We’ve seen many financial institutions offer their customers a debt payment holiday during these trying times. And while it may seem like a welcome relief, be careful because it might end up costing you a lot more than you realize.
According to the Old Mutual Savings and Investment Monitor, 35% of people surveyed had taken a debt repayment holiday on their home loan. While this might seem like a good option, especially if your income has been affected during the national lockdown, it will add significantly to the length of the loan.
According to Nedbank, if you were five years into your repayment and took a three-month payment holiday on a R1 million home loan, it would extend your home loan by an additional 14 months and you would pay R106 000 in additional interest.
You must plan to increase your repayments once your salary recovers, so that you can still pay off your home loan in the original time frame and save on interest. In order to do this, in 12 months’ time increase your mortgage repayments by 5%.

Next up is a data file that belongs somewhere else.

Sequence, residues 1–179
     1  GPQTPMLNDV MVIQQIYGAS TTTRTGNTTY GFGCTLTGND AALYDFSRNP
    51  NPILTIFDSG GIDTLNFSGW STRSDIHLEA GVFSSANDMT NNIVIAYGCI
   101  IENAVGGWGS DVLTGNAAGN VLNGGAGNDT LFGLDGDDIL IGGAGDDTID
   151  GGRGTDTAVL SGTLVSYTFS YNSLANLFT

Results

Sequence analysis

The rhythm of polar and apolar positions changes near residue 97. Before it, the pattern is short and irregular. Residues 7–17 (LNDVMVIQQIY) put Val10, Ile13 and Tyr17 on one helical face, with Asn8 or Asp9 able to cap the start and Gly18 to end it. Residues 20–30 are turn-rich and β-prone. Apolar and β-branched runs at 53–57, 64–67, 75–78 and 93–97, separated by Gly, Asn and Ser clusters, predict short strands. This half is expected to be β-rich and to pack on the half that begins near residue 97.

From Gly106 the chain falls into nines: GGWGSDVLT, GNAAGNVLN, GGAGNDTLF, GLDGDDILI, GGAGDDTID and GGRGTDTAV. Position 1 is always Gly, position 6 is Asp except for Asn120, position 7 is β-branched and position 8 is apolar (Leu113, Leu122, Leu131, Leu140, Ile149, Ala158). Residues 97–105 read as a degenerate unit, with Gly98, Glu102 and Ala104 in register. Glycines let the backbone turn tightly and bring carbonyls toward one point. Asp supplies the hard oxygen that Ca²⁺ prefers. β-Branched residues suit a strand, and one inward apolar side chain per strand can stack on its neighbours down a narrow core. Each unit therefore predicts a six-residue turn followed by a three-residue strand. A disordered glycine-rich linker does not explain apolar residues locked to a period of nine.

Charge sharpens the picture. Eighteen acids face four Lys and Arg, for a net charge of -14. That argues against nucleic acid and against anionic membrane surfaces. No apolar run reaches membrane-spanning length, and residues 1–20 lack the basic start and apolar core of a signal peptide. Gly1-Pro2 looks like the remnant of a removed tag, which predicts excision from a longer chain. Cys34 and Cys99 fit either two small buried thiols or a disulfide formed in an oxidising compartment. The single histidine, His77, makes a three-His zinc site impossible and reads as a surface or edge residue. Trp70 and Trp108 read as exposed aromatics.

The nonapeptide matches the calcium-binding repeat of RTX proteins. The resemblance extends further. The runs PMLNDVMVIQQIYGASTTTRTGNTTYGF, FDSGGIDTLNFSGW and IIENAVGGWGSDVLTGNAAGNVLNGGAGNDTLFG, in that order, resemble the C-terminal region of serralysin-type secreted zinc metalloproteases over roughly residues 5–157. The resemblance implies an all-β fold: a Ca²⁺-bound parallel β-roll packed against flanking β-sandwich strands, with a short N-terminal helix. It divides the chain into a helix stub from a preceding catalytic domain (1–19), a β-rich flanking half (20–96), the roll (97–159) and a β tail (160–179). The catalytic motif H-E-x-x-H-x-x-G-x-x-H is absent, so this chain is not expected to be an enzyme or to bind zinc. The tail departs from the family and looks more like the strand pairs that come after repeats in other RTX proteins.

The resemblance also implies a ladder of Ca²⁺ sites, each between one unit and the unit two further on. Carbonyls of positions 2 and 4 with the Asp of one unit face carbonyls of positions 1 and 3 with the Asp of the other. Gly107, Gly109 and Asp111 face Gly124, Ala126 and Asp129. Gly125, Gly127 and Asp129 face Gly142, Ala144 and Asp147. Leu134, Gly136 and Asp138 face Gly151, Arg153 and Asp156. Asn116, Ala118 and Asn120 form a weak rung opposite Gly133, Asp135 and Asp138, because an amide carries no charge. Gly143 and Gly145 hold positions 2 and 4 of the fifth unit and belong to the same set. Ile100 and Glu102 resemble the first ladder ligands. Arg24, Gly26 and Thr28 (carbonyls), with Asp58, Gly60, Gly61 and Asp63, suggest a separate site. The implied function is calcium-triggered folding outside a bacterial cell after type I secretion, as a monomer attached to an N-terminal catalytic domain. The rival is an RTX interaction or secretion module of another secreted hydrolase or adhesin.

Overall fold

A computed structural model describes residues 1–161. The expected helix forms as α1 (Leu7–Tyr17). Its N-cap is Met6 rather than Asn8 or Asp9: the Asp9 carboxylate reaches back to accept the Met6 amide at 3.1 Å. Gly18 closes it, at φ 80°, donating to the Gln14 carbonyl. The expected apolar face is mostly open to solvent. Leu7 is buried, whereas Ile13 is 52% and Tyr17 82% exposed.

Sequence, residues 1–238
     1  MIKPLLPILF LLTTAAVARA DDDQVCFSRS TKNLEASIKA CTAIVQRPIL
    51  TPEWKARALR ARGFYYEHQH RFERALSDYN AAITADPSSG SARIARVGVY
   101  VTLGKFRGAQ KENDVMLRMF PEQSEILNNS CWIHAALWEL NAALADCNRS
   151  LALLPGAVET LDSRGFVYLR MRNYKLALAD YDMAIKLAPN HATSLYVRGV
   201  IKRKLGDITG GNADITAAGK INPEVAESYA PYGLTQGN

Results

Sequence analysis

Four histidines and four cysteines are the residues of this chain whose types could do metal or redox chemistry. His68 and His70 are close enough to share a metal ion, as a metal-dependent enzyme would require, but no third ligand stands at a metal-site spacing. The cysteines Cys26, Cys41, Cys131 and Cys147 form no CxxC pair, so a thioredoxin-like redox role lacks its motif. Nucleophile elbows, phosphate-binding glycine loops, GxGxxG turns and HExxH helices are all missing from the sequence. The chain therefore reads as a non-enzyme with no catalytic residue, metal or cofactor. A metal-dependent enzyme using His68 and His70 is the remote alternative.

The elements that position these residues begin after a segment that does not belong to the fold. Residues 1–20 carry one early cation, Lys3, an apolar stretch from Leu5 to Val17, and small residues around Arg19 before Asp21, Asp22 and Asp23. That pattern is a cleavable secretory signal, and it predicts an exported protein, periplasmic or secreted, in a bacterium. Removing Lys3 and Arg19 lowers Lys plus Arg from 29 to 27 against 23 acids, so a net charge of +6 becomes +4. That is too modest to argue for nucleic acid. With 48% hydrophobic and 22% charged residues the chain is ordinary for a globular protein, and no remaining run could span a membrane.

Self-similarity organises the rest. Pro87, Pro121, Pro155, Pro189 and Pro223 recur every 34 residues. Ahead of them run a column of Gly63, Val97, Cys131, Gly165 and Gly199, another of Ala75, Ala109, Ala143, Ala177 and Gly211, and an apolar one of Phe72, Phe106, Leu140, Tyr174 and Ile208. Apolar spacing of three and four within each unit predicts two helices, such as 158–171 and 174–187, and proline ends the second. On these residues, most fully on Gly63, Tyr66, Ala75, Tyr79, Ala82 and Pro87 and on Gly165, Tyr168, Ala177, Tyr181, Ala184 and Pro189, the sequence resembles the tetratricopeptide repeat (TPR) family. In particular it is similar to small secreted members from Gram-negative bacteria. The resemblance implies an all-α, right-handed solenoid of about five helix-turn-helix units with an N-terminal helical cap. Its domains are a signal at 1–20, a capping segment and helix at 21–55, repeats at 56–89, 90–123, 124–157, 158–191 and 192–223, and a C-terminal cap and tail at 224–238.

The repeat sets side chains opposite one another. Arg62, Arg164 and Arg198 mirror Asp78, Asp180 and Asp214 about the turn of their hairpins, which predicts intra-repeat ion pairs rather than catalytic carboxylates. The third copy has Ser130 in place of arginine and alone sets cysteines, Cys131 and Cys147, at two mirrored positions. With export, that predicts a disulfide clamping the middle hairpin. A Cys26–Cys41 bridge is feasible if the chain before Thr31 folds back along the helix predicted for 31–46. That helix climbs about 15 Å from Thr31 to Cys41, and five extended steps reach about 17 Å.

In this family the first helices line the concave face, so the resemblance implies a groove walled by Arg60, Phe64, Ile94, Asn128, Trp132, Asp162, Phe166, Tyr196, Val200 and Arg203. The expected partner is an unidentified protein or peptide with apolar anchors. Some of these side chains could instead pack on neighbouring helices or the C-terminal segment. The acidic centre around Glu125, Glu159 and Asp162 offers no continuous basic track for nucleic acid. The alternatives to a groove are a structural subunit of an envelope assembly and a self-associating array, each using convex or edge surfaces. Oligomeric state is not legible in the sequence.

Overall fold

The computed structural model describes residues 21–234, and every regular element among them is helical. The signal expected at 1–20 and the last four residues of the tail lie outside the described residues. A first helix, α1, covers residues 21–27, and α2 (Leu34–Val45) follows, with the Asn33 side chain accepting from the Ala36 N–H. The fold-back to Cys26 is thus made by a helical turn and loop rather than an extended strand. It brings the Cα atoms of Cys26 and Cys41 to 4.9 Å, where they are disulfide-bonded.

For example if your repayment is R10 000, increase it to R10 500 a month. If you cannot afford to do that, at least increase your repayment by one percent each year, which in this case is an increase of just R100 a month.
Remember to increase that every year. You can do this by simply depositing the additional amount into your bond account monthly or request the bank to increase the amount of your monthly debit order.
Remember that a payment holiday is like a normal holiday: it ends up costing a lot of money. Only take this option if you really cannot meet those repayments.